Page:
South Korea and Indonesia may sign an industrial engagement agreement for the joint development of Korean next generation fighter aircraft later this month.
Earlier this week, South Korean government decided to develop some of its own KF-X fighters with some help from outside after the US denied did not allow exports of four major technologies promised for the South Korean project in a decision made in April.
Under the project to build home-grown combat jets, Defense Acquisition Program Administration (DAPA) agreed with Lockheed Martin to obtain 25 kinds of fighter jet technologies as part of their 7.3 trillion won ($6.1 billion) deal to purchase 40 F-35 radar-evading fighters to be deployed between 2018 and 2021.
US has denied export of the four technologies that were added later to the accord clearing the rest of 21 listed citing technology protection policy.
"DAPA is currently conducting consultation with relevant ministries about the establishment of an organization in full charge of the KF-X project," an unnamed official was quoted as saying by Korea Times News daily Monday.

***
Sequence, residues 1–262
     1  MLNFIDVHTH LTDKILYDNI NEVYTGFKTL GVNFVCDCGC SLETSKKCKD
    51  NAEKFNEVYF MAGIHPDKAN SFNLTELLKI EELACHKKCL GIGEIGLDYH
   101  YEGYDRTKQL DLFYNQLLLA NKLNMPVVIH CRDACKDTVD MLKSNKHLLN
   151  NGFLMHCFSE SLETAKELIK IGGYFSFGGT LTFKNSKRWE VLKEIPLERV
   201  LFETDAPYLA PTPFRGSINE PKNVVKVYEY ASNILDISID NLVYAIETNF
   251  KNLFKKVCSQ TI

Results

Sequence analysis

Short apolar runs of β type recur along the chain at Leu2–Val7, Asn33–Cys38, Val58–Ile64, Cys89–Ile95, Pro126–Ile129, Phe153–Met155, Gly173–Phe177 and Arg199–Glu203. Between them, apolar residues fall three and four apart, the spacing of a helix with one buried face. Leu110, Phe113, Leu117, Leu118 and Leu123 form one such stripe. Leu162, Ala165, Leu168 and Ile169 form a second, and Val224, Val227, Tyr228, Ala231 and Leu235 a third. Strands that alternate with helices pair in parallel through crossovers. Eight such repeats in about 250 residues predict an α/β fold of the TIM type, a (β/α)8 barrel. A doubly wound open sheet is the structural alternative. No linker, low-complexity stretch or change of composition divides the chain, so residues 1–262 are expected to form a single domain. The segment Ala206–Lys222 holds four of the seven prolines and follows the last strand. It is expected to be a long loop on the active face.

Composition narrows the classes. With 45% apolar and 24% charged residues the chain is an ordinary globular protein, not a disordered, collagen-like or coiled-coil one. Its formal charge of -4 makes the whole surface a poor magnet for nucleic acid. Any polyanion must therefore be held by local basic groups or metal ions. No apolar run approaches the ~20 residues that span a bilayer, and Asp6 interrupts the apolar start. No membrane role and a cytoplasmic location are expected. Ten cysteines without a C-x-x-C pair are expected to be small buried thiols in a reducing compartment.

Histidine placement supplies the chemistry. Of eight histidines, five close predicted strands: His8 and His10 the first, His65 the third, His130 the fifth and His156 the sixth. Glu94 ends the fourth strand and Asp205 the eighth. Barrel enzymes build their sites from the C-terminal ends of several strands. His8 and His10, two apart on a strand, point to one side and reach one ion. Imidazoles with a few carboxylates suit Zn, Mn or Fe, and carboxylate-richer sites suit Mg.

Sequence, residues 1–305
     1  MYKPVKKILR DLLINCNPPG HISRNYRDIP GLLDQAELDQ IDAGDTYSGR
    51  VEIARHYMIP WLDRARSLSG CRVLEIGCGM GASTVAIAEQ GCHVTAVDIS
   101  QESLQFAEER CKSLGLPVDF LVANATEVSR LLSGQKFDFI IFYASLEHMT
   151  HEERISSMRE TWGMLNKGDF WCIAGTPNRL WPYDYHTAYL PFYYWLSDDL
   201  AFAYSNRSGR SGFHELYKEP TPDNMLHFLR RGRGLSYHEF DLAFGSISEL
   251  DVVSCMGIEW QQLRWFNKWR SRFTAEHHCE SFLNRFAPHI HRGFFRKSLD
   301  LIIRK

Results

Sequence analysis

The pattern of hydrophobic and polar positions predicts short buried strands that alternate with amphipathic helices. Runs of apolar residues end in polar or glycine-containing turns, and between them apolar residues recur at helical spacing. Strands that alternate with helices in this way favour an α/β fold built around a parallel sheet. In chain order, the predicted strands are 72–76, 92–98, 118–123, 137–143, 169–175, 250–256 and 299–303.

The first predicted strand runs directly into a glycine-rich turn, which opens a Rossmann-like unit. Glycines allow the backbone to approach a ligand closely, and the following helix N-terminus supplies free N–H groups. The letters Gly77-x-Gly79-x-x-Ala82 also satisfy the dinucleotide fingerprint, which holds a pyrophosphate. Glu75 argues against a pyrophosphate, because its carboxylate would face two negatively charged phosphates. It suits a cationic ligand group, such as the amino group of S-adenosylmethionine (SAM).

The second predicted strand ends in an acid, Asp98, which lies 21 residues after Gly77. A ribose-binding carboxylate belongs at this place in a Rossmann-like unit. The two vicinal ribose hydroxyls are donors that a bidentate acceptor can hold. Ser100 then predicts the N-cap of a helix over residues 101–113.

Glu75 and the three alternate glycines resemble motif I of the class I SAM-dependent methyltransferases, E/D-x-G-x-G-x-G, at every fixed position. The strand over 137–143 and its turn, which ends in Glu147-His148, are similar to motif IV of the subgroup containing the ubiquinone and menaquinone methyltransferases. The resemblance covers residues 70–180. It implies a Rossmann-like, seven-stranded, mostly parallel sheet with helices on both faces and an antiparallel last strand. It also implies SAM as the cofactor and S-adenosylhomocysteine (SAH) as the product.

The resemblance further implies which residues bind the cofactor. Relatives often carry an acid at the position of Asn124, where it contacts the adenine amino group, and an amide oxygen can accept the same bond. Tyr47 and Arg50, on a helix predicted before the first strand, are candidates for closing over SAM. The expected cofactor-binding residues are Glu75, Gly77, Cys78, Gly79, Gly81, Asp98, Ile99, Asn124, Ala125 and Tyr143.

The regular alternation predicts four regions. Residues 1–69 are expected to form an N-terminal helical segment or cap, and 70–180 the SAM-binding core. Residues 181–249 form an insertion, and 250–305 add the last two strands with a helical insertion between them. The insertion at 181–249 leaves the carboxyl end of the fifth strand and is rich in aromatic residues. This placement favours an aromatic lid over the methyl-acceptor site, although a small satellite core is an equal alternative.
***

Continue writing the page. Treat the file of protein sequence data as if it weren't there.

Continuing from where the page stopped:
Korea Aerospace Industries (KAI) was a preferred bidder for the development program along with US Lockheed Martin.
South Korea's Defense Acquisition Program Administration (DAPA) said that KAI and Indonesian authorities are continuing negotiations on KFX before signing a definitive contract agreement later this month, Janes reported Tuesday.
The agreement will feature Korea Aerospace Industries (KAI) and Indonesia's state-owned PT Dirgantara. KAI's KFX development partner Lockheed Martin will also be involved in the program.
KAI still has to sign a main contract with DAPA to develop the KFX.
The contract to complete the development of the aircraft is valued at $8 billion. Under the terms of a joint engineering and development agreement signed in October 2014, South Korea will pay 80 per cent of the costs of developing the aircraft, with Indonesia paying the remaining 20 per cent. Indonesia is also expected to procure the aircraft.
Development of the KFX will take the programme to the serial manufacturing phase, which is tentatively set to commence in 2025. South Korea plans to deploy 120 units by 2032.
The KFX is envisaged as a single-seat, twin-engine, multirole aircraft equipped with stealth features, active electronically scanned array radar, and internal weapons carriage.